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Cheap noise gate

3512 Views 84 Replies 12 Participants Last post by  High/Deaf
hi, i would like to know what noise gate would be the best. I like to play in distortion but my amp always make a death feedback (really hurt my ears) and then one of my friend showed me a deluxe big muff fuzz pedal and it had a noise gate on it, the feedback was gone. Unfortunately, i dont have a really big budget, only around 75-100$ So, what do you suggest?
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$75-100 should get you what you need, easily. When it comes to noise gates, it's not the quality of the pedal, but how you use it. The difficulty with trying to clean up the sins of a high-gain pedal is that the user ends up expecting too much out of the noise gate.

Gates are intended to tell the difference between signal and "noise", based entirely on signal level. It can not tell the difference between what you intend to play, and what gets generated spontaneously by sources of noise around and in the guitar, cables, pedals, etc. So what you need to do is make that task as easy as possible for the gate.

If you stick the gate after a high-gain pedal, then whatever noise entered that pedal is amplified, and so is any hiss generated inside the pedal, making the difference between signal and noise smaller. So, what many smarter gates do these days is to include a loop, indicated by the presence of send and return/receive jacks (i.e., look for a gate with four jacks, and not two). Your guitar goes directly into the gate. The send jack goes out to whatever pedals you are going to use. The output of the pedals comes back to the gate, and then the gate goes to your amp. This allows the gate to tell the difference between wanted and unwanted signal at that point where it is easiest and most reliable to do so, but apply the gating at the end, where the most noise will have accumulated.

The final output of the gate does not have to be the last thing before your amp. If you have other pedals that are known to not contribute much noise at all, feel free to stick them after the gate. What is most critical is to clean up the amplified hiss/hum that your higher-gain pedal/s have produced.
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Behringer pedals can be bought very cheaply. The circuits are often clones of earlier Boss pedals. I know people look down their noses at plastic-enclosure Behringers, and I understand their dislike of the switching in those pedals. But few players will be stepping on their noise gate pedals repeatedly during a gig. It will mostly be used as an always-on pedal, so the cheapness of the foot-treadle doesn't matter as much.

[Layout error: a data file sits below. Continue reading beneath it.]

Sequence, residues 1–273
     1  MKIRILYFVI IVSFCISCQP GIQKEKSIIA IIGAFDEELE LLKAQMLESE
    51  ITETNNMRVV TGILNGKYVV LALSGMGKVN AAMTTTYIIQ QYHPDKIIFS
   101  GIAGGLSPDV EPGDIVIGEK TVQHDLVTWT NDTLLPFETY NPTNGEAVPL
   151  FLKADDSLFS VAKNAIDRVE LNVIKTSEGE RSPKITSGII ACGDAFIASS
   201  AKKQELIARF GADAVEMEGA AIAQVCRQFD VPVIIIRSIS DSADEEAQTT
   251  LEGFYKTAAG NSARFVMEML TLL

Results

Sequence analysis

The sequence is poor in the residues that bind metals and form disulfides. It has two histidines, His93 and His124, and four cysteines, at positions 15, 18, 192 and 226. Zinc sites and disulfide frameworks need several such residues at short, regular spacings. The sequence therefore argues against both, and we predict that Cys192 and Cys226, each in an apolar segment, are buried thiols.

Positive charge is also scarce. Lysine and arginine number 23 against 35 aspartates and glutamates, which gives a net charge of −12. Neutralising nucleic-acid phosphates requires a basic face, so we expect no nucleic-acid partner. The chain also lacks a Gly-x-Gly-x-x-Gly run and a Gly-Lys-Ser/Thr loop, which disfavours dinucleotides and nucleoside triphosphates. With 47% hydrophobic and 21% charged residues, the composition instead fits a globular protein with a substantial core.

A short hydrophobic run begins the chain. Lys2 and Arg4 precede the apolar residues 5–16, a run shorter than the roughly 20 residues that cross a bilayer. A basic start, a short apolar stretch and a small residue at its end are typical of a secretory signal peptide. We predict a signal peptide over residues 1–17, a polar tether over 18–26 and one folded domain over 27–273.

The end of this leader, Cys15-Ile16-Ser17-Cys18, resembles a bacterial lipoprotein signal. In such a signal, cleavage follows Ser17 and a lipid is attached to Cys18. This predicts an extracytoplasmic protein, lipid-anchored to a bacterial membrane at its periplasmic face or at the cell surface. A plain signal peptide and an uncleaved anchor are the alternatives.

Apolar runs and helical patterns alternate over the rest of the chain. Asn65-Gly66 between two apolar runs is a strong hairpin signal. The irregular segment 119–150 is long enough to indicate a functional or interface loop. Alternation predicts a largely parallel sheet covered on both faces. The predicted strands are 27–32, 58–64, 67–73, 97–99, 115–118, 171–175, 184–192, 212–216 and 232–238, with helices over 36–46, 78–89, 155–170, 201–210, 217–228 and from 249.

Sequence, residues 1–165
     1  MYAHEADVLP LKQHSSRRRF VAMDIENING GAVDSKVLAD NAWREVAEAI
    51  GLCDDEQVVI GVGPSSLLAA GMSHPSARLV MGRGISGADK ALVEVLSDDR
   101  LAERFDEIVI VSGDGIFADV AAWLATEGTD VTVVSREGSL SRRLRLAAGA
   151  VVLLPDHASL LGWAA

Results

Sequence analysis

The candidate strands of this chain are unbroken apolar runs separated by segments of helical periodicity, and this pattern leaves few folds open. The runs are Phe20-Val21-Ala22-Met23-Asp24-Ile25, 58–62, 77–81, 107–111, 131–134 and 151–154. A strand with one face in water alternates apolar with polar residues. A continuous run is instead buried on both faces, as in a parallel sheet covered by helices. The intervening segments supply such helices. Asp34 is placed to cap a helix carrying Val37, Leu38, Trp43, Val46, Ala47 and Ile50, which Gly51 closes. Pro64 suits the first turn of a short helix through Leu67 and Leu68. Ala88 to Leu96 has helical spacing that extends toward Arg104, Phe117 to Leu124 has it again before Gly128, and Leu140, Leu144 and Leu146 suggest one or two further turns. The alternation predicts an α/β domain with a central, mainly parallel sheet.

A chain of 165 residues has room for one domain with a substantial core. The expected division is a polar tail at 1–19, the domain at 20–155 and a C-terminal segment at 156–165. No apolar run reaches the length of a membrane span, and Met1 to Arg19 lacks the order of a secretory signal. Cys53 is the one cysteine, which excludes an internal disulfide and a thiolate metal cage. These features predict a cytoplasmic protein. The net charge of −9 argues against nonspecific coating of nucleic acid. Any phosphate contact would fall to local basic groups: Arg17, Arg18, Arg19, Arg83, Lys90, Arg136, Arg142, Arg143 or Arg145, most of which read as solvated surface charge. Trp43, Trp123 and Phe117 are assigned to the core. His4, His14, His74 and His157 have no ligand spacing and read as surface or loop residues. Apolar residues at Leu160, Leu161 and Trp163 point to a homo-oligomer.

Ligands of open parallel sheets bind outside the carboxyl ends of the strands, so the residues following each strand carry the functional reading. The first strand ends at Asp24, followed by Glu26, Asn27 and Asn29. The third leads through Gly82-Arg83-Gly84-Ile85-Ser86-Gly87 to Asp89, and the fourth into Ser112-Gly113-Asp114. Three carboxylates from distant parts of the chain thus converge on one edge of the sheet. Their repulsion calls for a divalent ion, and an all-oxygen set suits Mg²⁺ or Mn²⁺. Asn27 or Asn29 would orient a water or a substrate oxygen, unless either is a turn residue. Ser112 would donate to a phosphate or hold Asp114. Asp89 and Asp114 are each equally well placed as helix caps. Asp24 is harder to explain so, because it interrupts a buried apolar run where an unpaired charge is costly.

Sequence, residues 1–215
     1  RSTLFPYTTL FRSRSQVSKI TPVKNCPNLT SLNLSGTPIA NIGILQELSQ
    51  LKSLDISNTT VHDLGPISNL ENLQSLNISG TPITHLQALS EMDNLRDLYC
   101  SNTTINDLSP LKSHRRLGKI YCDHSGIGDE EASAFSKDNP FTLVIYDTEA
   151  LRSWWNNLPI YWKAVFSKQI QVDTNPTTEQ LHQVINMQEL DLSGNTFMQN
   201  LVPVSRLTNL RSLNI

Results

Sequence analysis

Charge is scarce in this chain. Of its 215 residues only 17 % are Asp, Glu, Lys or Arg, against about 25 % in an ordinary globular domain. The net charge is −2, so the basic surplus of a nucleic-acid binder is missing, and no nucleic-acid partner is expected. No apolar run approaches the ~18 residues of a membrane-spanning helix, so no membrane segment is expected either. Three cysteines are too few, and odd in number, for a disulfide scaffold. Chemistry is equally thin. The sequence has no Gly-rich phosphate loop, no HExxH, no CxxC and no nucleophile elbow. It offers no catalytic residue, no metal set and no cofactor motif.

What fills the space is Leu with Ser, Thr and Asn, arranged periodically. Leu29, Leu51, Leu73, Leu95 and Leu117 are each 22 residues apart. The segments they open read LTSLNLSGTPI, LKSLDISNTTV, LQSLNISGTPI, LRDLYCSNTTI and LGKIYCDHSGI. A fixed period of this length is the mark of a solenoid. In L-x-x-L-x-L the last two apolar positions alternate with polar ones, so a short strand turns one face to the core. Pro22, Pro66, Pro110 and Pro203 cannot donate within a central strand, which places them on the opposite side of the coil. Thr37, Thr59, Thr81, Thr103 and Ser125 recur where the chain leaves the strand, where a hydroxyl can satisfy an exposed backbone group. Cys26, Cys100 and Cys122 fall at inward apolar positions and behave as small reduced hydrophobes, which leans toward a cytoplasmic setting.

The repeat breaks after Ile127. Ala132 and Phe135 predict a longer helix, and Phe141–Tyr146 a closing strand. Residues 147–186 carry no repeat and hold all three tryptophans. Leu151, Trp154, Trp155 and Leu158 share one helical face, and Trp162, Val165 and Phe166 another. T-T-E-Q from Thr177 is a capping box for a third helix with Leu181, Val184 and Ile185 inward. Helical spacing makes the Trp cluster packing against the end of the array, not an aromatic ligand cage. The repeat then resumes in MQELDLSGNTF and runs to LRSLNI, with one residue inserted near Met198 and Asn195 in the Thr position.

The suggestion about possible microphonics is worth exploring. And if it IS microphonics, then I'm not entirely sure a gate ahead of the amplifier would necessarily address the issue. I'm assuming that the FX included on the amp are all digital.
Don't expect to keep up to a drummer's volume with that amp.
I'd agree with you that precious few 20W amps would provide a clean sound that would be competitive with a drum kit. Don't forget that he likes his tone dirty. If cleanliness is not the objective, 20W amps are loud enough.
A-HA! Do you use a compressor, or a compression effect on your amp?
One of the things that compressors do is treat any noise remaining when you stop playing as a low-level signal that desperately needs boosting. It's such a common consequence that there is an industry-wide term for when that happens: "breathing". That is, when you stop playing, the compressor brings in greatly-amplified input noise so that it sounds like a person taking a deep inhale.

One of my favorite-ever compressors was one I made for myself using the SSM2166 chip. The chip includes downward expansion and compression capabilities such that anything below a certain minimum signal level is reduced even further. The result is dead quiet compressor function when you stop playing.

So maybe your noise problem stems from too much compression?
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Go at 1:30min, thats the kind of noise that i get
Okay, that clears it all up. As The Police once sang: Don't stand, don't stand, don't stand so close to me.

If your instrument is resonant, the gain is up high, the pickups are even a little microphonic, and you're facing in the "right" direction, it doesn't take that much volume at all to generate feedback. I can do it with a 2W battery-powered amp.